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The Sciences

Scientists Narrow in on Landing Site for NASA's Next Mars Rover

The Extremo FilesBy Jeffrey MarlowFebruary 13, 2017 12:00 AM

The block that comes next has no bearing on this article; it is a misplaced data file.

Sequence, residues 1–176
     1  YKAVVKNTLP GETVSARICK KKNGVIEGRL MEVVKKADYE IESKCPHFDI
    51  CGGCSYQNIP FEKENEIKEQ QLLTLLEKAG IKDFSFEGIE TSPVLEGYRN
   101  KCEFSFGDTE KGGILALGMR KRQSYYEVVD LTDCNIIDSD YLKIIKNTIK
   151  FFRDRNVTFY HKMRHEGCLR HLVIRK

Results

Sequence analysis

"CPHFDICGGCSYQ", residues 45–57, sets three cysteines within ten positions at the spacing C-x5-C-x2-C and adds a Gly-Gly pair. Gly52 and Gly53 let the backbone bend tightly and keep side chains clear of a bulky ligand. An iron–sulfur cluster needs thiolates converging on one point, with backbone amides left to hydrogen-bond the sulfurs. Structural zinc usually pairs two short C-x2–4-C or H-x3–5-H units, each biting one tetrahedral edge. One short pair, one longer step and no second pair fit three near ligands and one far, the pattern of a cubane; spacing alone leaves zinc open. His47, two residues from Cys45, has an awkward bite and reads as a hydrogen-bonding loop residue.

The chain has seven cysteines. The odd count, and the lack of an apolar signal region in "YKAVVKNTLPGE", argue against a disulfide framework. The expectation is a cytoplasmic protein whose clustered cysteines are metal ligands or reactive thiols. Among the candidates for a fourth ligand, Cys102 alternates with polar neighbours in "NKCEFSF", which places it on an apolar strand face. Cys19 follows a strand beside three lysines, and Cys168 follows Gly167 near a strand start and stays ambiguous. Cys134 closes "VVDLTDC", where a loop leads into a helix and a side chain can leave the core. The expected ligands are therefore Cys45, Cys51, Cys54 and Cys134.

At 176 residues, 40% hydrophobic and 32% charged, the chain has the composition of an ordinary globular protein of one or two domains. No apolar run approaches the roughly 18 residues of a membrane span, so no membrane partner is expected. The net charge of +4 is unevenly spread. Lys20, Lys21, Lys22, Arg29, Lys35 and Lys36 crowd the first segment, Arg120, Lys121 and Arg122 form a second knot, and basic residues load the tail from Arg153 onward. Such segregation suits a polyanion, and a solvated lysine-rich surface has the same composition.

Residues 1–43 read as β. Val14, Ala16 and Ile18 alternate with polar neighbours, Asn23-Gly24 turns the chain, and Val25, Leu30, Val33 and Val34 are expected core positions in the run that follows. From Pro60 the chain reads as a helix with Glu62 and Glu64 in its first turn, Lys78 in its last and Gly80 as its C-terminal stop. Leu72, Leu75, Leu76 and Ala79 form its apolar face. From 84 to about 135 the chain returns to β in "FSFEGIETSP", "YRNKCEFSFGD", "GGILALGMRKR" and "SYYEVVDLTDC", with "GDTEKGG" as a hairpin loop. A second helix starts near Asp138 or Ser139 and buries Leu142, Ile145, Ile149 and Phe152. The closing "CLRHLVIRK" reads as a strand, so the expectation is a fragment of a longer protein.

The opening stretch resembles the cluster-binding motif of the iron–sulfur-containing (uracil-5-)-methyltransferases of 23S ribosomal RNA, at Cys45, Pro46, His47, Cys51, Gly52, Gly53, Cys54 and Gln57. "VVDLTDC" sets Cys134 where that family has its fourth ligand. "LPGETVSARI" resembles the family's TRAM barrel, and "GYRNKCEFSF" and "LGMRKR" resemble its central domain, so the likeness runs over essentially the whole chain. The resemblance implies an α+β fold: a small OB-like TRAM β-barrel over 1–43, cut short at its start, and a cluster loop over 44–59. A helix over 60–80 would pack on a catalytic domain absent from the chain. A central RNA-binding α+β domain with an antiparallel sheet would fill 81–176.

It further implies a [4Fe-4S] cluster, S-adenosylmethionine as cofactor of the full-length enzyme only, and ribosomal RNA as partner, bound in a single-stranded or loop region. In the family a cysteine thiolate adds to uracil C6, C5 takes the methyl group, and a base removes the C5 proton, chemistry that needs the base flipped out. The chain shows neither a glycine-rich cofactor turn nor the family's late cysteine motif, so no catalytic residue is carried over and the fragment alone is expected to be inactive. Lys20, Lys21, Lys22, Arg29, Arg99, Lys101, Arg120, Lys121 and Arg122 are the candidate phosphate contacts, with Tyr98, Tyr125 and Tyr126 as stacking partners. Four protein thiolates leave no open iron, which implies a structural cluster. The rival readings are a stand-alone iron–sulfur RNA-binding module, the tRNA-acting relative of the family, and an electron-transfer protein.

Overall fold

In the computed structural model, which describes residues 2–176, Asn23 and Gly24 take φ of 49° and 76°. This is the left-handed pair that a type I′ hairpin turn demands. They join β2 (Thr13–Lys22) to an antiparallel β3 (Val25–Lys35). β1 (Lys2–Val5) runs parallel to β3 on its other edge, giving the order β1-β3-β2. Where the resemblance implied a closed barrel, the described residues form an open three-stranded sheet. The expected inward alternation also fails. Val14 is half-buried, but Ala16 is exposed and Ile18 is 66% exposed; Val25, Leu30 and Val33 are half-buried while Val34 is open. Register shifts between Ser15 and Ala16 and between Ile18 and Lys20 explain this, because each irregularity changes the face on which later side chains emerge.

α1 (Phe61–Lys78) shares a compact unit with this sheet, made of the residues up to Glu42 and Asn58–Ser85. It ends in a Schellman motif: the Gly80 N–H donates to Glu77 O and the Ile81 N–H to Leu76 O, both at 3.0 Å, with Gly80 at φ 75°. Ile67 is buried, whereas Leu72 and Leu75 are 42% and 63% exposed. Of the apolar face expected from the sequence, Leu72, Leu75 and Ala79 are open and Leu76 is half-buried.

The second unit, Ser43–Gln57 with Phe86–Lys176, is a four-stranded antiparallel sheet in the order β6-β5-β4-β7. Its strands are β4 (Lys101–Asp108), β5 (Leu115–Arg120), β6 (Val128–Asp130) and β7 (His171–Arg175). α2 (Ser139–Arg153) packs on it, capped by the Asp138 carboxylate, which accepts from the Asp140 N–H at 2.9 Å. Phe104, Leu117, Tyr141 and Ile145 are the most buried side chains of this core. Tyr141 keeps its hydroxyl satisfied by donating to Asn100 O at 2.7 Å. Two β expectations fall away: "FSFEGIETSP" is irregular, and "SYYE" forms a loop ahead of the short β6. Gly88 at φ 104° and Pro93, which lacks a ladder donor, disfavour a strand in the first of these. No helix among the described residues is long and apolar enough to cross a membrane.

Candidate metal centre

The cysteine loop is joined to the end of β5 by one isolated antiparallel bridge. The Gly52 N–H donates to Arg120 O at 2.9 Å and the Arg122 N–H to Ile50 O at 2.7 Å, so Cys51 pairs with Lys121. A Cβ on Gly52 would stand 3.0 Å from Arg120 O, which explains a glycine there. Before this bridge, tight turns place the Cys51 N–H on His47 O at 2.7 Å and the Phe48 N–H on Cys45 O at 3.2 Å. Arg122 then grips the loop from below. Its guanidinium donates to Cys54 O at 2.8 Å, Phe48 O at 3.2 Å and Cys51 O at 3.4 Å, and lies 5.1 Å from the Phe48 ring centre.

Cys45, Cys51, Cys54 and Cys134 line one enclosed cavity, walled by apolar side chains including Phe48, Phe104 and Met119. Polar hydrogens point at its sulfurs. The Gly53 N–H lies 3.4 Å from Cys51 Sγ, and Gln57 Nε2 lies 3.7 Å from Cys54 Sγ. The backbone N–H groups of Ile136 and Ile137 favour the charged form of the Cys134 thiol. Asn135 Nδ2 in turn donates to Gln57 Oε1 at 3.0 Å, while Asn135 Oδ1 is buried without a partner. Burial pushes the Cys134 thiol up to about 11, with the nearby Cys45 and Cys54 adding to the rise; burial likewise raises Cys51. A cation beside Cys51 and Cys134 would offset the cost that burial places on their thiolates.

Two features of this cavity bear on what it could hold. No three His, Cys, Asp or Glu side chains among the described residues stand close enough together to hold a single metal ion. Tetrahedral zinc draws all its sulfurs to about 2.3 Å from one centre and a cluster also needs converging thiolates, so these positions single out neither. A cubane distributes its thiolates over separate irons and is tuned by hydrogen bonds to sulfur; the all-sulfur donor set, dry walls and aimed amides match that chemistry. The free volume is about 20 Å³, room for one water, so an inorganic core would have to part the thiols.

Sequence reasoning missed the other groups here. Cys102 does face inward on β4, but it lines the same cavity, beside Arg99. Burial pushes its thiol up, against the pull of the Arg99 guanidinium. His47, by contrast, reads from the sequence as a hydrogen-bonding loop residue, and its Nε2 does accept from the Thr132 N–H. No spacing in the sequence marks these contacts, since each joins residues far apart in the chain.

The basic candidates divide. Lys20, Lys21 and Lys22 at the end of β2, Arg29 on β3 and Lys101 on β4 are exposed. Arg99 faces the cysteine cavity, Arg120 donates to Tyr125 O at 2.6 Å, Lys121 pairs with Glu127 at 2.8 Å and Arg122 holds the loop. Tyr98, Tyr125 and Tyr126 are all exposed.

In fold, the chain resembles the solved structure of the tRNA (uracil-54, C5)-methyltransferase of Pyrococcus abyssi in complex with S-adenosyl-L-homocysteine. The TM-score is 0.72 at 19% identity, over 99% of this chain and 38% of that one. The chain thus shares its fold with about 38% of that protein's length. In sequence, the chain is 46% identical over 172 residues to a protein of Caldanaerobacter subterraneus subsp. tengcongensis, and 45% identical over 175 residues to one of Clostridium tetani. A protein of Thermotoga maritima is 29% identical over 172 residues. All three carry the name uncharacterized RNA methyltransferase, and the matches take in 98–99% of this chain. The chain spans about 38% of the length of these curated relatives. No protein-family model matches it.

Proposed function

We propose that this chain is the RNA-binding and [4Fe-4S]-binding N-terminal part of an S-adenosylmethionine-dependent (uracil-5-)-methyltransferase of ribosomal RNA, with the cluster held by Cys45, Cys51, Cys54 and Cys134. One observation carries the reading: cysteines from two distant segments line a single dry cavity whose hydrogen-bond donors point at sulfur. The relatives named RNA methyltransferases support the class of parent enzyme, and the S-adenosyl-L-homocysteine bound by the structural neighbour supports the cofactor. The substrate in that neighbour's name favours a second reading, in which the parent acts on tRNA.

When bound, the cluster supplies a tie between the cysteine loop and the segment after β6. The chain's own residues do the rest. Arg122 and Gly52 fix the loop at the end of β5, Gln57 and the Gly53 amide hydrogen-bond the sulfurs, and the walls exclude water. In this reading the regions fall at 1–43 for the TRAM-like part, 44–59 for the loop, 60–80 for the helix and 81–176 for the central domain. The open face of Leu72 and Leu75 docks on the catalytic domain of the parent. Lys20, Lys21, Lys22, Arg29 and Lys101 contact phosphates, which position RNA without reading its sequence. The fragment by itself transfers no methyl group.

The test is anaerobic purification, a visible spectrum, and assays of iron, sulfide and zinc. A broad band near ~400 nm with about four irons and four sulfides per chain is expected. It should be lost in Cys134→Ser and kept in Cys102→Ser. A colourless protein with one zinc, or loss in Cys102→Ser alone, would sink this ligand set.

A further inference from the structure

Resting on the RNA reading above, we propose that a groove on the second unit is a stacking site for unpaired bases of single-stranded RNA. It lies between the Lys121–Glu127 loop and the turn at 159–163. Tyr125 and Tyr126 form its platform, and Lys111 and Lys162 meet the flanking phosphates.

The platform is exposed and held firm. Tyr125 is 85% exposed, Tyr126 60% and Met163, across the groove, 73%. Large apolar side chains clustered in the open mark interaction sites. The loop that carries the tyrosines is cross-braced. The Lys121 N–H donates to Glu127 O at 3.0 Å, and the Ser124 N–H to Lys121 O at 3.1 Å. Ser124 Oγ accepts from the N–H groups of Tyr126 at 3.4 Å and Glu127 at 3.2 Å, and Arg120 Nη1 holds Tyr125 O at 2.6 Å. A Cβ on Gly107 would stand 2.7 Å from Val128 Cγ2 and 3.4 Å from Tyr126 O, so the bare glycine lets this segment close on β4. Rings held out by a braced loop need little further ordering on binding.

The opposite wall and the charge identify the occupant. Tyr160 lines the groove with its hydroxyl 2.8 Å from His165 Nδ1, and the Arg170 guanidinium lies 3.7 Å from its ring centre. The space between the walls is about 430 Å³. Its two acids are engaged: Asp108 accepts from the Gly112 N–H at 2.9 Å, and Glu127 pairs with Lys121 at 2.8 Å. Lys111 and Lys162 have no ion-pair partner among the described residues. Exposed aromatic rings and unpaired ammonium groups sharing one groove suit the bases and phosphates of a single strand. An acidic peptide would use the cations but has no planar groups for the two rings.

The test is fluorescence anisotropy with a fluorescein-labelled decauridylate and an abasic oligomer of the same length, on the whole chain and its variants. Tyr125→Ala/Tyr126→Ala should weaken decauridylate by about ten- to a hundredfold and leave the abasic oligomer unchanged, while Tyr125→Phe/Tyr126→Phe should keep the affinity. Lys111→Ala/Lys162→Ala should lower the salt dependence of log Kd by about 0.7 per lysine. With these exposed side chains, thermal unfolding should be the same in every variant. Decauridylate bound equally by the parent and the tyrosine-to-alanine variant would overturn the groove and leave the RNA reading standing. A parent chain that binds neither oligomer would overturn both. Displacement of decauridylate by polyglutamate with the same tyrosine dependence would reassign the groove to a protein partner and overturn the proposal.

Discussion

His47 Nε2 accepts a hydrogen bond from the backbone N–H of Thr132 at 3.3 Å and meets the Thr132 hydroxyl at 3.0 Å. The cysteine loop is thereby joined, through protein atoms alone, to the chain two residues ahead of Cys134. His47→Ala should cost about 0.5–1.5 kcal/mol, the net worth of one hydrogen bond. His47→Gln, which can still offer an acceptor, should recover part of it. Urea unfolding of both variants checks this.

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A crater at Northeast Syrtis, one of the shortlisted landing sites for the Mars 2020 rover. (Image: NASA/HiRISE/University of Arizona) The Curiosity Mars rover is in the prime of its robotic life, approaching dramatic layered deposits on the slopes of Mt. Sharp. But even as the four and a half year-old mission reaches the features it was initially sent to investigate, scientists and engineers are feverishly planning for the next rover mission, Mars 2020. 2020 is shaping up to be a busy year on the Mars exploration calendar: in addition to the NASA rover, the European Space Agency and China have missions slotted for the favorable launch window. But where to go? Making the decision is a complex process, as teams of scientists and engineers develop navigational software, optimize the payload, and establish the geologic context of potential landing sites. The importance of site selection is magnified by the role of Mars 2020 as the first step in a sample return mission – a longtime grail of Mars scientists. In its current configuration, the rover can collect about 30 canisters of soil, air, or rock particles. A future, planned-but-not-yet-officially-on-the-books mission will return the cache to Earth, where a robust analytical arsenal will be waiting to conduct a battery of detailed tests. For many scientists, one shift from previous missions is a tighter focus on investigating rocks that preserve signals from Mars’ active past – a period between about three and four billion years ago during which liquid water flowed across the surface, altered rocks, and may have created habitats for opportunistic organisms. And because the rover can only collect samples at the planet’s surface, researchers are avoiding places where more recent forces like craters or windswept sand have covered the ancient rocks. At a meeting last week in Monrovia, California, hundreds of Mars scientists and mission engineers gathered to narrow the list of landing sites from eight to three. The selection process has been in full swing since 2014, and the final decision will be made in the next year or two, as the instrument teams finalize their flight-ready hardware and prepare for launch. The workshop was a civil yet high-stakes environment, as proponents of the eight sites had a few hours each to make their case. Ken Farley, a professor of geochemistry at the California Institute of Technology, serves as the mission’s Project Scientist. “It’s hard to imagine any decisions on this mission that will be as impactful to the overall mission as selecting the landing site,” he told the attendees. “For decades to come, the decision we make will be important – it will drive a lot of science that gets done.” In other words, no pressure. After two days of presentations and debate, participants were polled on the sites, asked to consider the three main criteria: 1) Could the samples, if returned to Earth, lead to fundamental discoveries about Mars and the potential for extraterrestrial life? 2) Can the site be investigated over the course of the primary mission (roughly three Earth years)? 3) Are there significant water resources that may be advantageous for future, human-based exploration? (The water issue is a double-edged sword, as the mission is also being steered away from water resources that are too active. A mandate of the planetary protection office is to avoid cross-contamination of Earth and Mars, so any habitats that could support hitchhiking terrestrial microbes need to be avoided. Sites with water ice within five meters of the surface are not being considered.) And the winners – drumroll please – were, in some sort of preferential order, Jezero Crater, Northeast Syrtis, and the Columbia Hills. Jezero is an ancient lake – life may have taken hold in its waters, and the inflow of sediments from a wider watershed could concentrate compelling material. NE Syrtis maintains mineralogical signatures from water-rock interactions that could be similar to those powering rock-hosted life on Earth. The Columbia Hills site – which has been investigated by the Spirit rover – possesses an ancient hydrothermal spring. The idea of re-visiting a site with Mars 2020’s more powerful set of tools – at the expense of a geologically distinct portion of the planet – is a subject of heated debate. In the coming weeks, the Extremo Files will profile each of the three sites still in the running. Astrobiology’s next great hope for transformative discovery may well hang in the balance.

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